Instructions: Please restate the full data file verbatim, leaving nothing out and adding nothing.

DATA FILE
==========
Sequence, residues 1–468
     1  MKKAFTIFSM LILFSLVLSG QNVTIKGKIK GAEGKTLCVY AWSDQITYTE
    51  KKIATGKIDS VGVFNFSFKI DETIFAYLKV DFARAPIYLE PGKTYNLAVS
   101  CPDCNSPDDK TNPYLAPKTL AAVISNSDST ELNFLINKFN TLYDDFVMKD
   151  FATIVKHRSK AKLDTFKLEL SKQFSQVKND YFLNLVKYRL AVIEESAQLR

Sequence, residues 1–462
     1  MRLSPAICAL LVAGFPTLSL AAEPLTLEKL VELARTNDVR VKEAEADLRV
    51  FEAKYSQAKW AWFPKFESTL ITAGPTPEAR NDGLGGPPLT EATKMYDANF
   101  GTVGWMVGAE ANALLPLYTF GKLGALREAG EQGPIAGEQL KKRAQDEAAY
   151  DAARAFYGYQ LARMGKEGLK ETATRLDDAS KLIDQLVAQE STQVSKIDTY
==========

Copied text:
Sequence, residues 1–468
     1  MKKAFTIFSM LILFSLVLSG QNVTIKGKIK GAEGKTLCVY AWSDQITYTE
    51  KKIATGKIDS VGVFNFSFKI DETIFAYLKV DFARAPIYLE PGKTYNLAVS
   101  CPDCNSPDDK TNPYLAPKTL AAVISNSDST ELNFLINKFN TLYDDFVMKD
   151  FATIVKHRSK AKLDTFKLEL SKQFSQVKND YFLNLVKYRL AVIEESAQLR

Sequence, residues 1–462
     1  MRLSPAICAL LVAGFPTLSL AAEPLTLEKL VELARTNDVR VKEAEADLRV
    51  FEAKYSQAKW AWFPKFESTL ITAGPTPEAR NDGLGGPPLT EATKMYDANF
   101  GTVGWMVGAE ANALLPLYTF GKLGALREAG EQGPIAGEQL KKRAQDEAAY
   151  DAARAFYGYQ LARMGKEGLK ETATRLDDAS KLIDQLVAQE STQVSKIDTY